In Naked Babies, Nick Kelsh and Anna Quindlen collaborate to produce a unique view of babies--one that owes nothing to tradition, sentimentality, or the cult of the cute. Unlike traditional baby photographs, Nick Kelsh's amazing black-and-white pictures focus on specific aspects of babies--the perfection of a hand, the swirls of a cowlick, the smoothness of skin on the neck--and all are honest, exquisite, and invitingly tactile.
Anna Quindlen's essays are as graceful, snappy, perceptive, and personal as anything she has ever written. They muse on what it is about babies that causes our hearts to crinkle and fold: "The meaning of life is in them."
You'll share some of the things that Quindlen has learned as a mother, such as: "From time to time, I would lie on the floor with my babies to see exactly what they were seeing when it looked as though they were just wasting time" and . . . "The next time you're sitting in a meeting after three cups of coffee, badly needing to go to the bathroom but instead doodling dutifully, crossing your legs and watching the clock, remember that if you were a baby, you would have gone by now, and no one would be the wiser."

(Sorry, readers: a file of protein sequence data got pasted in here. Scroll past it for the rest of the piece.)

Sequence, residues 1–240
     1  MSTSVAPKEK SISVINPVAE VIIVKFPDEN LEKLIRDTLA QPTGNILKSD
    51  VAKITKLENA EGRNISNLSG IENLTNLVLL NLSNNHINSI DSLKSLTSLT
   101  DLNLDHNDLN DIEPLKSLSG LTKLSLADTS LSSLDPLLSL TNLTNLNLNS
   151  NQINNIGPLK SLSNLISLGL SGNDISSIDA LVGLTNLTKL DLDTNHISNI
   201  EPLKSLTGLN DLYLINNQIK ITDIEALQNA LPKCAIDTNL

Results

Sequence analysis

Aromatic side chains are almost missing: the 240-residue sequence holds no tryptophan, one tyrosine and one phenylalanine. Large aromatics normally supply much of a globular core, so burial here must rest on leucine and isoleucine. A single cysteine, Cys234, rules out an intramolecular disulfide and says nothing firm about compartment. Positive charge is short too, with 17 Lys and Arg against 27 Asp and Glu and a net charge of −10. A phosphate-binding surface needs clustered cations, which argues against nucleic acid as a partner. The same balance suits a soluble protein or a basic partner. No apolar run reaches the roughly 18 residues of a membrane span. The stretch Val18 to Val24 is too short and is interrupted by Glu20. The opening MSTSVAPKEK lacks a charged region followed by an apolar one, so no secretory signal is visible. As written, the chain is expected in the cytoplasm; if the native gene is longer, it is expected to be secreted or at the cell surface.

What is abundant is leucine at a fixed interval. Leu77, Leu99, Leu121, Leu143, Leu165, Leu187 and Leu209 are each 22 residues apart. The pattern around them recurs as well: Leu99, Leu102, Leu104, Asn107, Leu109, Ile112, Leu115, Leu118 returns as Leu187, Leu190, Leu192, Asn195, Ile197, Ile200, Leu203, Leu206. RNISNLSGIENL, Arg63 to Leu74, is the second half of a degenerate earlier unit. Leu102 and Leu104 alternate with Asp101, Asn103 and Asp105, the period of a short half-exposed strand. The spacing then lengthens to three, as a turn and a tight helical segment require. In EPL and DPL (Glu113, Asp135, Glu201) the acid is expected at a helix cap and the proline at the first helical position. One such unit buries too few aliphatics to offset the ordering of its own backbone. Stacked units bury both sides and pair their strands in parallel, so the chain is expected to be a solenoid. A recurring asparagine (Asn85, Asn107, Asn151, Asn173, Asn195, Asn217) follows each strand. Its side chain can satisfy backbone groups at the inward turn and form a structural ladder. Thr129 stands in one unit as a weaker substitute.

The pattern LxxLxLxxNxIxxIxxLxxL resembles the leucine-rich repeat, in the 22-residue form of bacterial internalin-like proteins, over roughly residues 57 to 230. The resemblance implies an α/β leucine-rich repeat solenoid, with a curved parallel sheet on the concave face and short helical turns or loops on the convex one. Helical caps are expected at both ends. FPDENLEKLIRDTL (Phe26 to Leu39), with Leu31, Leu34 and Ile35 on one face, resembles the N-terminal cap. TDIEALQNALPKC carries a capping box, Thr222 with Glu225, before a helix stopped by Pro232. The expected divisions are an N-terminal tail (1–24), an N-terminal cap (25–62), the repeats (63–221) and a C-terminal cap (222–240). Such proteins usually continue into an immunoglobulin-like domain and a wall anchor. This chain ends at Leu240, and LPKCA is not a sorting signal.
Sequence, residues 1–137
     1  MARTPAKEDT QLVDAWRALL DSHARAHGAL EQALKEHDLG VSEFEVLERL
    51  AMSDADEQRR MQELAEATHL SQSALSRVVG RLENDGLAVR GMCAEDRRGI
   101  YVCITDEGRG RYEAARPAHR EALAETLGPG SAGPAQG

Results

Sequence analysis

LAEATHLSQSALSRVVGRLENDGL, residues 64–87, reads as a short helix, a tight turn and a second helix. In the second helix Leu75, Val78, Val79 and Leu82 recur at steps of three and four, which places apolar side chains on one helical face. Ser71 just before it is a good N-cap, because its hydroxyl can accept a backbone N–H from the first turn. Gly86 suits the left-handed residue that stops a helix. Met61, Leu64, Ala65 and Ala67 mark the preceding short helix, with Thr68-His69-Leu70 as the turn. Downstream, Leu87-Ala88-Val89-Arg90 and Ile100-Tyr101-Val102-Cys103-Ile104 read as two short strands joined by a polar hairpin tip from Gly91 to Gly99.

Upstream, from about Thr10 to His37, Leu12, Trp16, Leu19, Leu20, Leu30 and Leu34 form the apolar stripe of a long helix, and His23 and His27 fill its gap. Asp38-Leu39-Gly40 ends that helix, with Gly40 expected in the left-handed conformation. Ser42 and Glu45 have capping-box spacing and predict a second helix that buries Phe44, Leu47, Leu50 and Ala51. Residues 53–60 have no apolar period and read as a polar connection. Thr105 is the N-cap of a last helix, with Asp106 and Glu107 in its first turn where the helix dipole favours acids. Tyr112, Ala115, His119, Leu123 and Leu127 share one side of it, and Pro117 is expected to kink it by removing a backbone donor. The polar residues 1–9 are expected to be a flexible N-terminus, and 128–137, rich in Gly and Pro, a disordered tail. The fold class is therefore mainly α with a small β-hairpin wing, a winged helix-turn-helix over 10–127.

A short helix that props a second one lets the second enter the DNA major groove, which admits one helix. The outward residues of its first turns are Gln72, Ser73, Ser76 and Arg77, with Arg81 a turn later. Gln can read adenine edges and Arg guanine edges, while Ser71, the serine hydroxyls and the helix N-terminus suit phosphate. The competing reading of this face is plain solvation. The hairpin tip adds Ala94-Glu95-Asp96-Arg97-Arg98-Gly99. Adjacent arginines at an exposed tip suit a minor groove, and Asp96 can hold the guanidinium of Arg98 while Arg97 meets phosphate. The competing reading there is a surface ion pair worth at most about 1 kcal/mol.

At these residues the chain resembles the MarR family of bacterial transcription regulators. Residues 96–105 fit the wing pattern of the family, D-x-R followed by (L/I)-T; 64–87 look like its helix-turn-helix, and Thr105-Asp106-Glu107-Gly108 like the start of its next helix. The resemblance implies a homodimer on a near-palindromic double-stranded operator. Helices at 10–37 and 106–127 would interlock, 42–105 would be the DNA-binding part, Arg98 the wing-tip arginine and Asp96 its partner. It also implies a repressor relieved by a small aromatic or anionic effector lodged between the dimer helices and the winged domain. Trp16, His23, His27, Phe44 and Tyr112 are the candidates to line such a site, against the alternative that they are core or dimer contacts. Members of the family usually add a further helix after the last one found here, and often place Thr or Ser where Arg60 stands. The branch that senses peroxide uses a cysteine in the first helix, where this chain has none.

Kelsh's photographs and Quindlen's text complement each other perfectly. Two masters of their craft have created an unusual meditation and wondrous book--a totally original gift for every parent or parent-to-be.
In this intriguing book, Kelsh, a partner in the communications firm Kelsh Wilson Design, and Quindlen (Object Lessons) capture the essence of naked babyhood?Kelsh in exquisite black-and-white photographs of dozens of babies, Quindlen in an elegant essay in which she muses about "the sheer beauty of their baby bodies." Kelsh's pictures, often of simple details?hands, feet, ears, eyes, bottoms, navels?reveal the miracles of baby skin, tiny fingers and toes, limbs contorted into acrobatic poses. His babies are not merely cute but like soft sculptures, and they revel in their nakedness: one intently studies his penis, another claps his hands as he pees onto the ground. Quindlen's essay, which is perceptive and moving without being sentimental, is based on the premise that "babies are meant to be naked, as surely as they are meant to be nurtured and loved," and it perfectly complements the photographs. Her own children are well past the baby stage, but she remembers all about babies, from birthing room to first steps, and she concludes, "The strangest thing about having babies is that before you know it you have adults."
Copyright 1996 Reed Business Information, Inc.
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February 28, 2009
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